The Buzz: Is Boohoo Clothing Really for “All Girls”?


“I’m not the average girl from your video. And I ain’t built like a super model”

Many women can probably attest to feeling what India Arie vocalizes in her popular song “Video”. Not everyone looks like the models we see in popular media and culture. Even among those who do, there’s the sense that women aren’t cookie-cutter similar and shouldn’t be treated as such. As a woman, I realized at a very early age that we all come in different shapes, sizes, and colors. And, once you get past our physical differences, the exceptional attributes that make us unique begin to illuminate themselves as well. Just like all humans, men and women alike, our hobbies, talents, flaws, interests and displeasures all play a part in defining who we are. So, one can probably imagine the uproar against a campaign that is geared towards including ALL women yet features women that are very similar in more ways than one.

On Monday, August 7, 2017, online fashion retailer, Boohoo took to Twitter to announce their All Girls Campaign.

Not long after posting their video, Boohoo began to feel the Twitter backlash. Many women responded to tell Boohoo that they had, in fact, missed the mark of inclusivity. But how did they get to this point? It turns out that they held an Instagram contest in which they asked followers to submit a full body and face photo, a description of their personal style, and a statement about what makes them the “ultimate Boohoo girl.” The contest itself is innocent enough – until you look at the results. Four girls were chosen,  and they all look the same in at least one important way — none of them could be considered plus-size.

Although Boohoo’s Instagram profile states “Girls come in all shapes and sizes. Boohoo recognizes individuality. Boohoo is for girls #allgirls,” the internet quickly pointed out Boohoo’s oversight. The main questions people asked were: where are the plus size women, the disabled women, the trans women? One user asks about women in headscarves. Obviously, it would be very difficult for a fashion retailer to include every type of woman in their ad campaigns. However, for a retailer who sells plus-size clothing, I would think that including a plus-size model would be the bare minimum of an “inclusive” campaign.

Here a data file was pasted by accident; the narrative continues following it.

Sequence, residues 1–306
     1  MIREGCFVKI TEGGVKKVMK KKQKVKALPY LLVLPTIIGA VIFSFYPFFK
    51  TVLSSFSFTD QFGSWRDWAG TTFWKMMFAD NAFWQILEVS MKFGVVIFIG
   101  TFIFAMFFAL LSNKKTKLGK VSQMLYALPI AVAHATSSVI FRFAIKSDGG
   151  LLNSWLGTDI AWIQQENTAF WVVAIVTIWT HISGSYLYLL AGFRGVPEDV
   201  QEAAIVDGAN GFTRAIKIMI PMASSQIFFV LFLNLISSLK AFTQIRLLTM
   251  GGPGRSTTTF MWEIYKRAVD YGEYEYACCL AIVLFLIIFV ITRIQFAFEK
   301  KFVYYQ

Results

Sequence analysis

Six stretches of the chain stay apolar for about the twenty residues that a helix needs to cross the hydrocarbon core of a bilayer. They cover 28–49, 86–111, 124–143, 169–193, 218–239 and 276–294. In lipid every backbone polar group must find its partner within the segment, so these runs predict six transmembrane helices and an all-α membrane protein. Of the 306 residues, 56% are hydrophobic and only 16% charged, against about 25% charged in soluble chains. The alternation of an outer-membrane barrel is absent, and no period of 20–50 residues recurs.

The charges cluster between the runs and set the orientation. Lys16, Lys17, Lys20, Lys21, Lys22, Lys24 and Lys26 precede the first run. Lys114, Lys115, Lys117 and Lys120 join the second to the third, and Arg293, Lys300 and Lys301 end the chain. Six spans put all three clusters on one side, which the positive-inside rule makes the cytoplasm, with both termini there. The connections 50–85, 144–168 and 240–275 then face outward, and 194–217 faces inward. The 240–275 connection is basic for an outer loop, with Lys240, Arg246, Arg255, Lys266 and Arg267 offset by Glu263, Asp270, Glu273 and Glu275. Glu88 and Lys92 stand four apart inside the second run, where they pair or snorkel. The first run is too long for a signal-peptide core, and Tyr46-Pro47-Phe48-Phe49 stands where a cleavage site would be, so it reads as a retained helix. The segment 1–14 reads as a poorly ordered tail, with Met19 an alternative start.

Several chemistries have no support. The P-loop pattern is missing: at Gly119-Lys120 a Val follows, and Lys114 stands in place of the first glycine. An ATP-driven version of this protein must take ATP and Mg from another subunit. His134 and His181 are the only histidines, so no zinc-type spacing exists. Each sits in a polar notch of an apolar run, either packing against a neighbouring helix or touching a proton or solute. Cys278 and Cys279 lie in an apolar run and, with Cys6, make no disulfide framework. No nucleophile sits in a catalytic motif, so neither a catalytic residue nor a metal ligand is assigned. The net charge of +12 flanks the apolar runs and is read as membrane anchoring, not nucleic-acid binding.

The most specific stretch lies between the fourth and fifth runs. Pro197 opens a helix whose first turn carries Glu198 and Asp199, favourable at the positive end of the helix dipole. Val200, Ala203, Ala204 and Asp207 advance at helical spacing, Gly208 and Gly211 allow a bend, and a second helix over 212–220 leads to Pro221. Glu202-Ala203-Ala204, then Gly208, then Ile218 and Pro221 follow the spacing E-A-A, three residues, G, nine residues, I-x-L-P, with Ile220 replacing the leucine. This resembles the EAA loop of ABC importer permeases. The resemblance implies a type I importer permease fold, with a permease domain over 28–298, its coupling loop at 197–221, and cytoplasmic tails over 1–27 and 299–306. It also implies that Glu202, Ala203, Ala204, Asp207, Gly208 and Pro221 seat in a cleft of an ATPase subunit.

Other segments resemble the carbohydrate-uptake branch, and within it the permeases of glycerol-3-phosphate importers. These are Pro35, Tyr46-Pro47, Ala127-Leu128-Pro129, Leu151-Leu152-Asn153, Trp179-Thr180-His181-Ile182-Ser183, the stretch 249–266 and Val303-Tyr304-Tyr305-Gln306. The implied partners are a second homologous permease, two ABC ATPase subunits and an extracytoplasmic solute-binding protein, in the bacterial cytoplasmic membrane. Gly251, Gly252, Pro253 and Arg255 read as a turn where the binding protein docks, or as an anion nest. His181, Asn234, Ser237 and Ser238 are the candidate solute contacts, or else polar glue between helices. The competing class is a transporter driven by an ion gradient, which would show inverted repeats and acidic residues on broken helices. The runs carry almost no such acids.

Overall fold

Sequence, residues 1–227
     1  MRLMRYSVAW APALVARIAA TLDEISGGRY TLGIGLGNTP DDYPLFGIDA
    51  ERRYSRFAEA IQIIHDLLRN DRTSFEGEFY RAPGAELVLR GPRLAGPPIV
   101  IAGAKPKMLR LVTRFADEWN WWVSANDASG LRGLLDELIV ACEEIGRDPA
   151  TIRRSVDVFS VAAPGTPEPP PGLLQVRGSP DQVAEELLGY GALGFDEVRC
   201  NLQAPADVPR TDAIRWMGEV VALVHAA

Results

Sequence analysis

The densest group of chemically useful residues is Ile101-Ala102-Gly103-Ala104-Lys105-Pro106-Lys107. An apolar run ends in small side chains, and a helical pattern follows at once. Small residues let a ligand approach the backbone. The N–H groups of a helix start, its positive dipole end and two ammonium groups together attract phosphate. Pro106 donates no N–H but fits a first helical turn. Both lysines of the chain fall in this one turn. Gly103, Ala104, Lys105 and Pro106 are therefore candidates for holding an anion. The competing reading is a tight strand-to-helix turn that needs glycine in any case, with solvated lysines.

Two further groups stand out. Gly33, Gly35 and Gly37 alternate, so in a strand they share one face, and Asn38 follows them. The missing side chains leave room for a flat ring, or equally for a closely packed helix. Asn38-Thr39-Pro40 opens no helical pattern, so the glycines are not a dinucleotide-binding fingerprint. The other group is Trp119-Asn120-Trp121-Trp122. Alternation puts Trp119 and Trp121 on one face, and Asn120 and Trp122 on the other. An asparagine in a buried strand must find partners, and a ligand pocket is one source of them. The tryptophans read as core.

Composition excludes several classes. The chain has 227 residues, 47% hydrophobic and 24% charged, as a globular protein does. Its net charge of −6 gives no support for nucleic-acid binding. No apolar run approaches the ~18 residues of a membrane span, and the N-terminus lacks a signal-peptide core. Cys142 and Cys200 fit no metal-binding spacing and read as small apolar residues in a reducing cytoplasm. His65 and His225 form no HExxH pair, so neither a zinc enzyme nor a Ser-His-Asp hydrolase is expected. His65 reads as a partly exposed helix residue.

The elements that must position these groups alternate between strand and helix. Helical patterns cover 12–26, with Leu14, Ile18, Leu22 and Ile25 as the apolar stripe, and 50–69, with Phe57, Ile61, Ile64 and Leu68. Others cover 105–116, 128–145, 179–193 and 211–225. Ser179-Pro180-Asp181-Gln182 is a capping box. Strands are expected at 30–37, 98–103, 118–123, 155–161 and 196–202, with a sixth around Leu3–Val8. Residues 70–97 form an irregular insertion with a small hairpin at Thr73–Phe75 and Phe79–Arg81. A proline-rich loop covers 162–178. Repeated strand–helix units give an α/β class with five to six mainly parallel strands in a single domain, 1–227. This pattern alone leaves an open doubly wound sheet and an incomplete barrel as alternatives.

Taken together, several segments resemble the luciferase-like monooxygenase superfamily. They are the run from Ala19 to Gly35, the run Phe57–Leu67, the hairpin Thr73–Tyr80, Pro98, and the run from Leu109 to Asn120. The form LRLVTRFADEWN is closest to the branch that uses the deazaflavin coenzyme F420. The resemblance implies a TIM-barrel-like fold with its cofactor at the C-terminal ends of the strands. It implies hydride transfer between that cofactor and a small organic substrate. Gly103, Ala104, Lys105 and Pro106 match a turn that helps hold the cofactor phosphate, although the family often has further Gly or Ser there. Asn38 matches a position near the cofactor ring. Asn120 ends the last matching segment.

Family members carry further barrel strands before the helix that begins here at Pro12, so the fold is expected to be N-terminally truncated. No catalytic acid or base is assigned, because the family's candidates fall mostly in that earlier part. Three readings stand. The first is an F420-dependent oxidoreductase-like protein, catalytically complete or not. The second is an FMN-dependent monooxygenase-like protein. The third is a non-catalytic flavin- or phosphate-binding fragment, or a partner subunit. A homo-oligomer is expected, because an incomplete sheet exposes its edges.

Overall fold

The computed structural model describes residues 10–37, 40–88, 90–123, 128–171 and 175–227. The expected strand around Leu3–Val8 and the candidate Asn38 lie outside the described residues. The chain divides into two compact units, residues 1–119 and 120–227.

This is not the first time Boohoo has been in the hot seat regarding a clear oversight. They recently made headlines for being accused of using straight-size models to show their plus-size range of clothing. Earlier this month, Yahoo Style  wrote about the accusations.

However, three days after announcing their All Girls campaign with the four models of similar body types, Boohoo posted a new tweet celebrating the diversity of their consumers and truly illustrating the “all girls” motto.

Perhaps they learned from their mistakes. Perhaps the oversight was a problem of implicit bias rather than harmful or prejudicial intent. Perhaps both of these things are true, and it is good to see that maybe the company does truly value the diversity it claims to celebrate.

Whether the intent is to represent All Girls, Some Girls, Small Girls, or Tall Girls, there’s a lesson to be learned here. As Mary-Frances Winters states in her book Inclusion Starts With I, “Inclusion is about seeing the whole…how we are related…the interconnections. As we move towards our journey of inclusion, isolated, independent actions create movement, but coordinated, collaborative, holistic actions create sustained change.”

What do you think about Boohoo’s ALL Girls Campaign? Did it embody you in some way, or did you feel left out? How can we call companies to better see our whole selves and our interconnectedness?

About Krystle Nicholas

Krystle Nicholas is a positive, forward-thinking professional who approaches Diversity and Inclusion with an open heart. She believes in a world where we all can be truly comfortable in our own skin and free to be who we truly are at all times. Krystle is the Project Analyst for The Winters Group, Inc.

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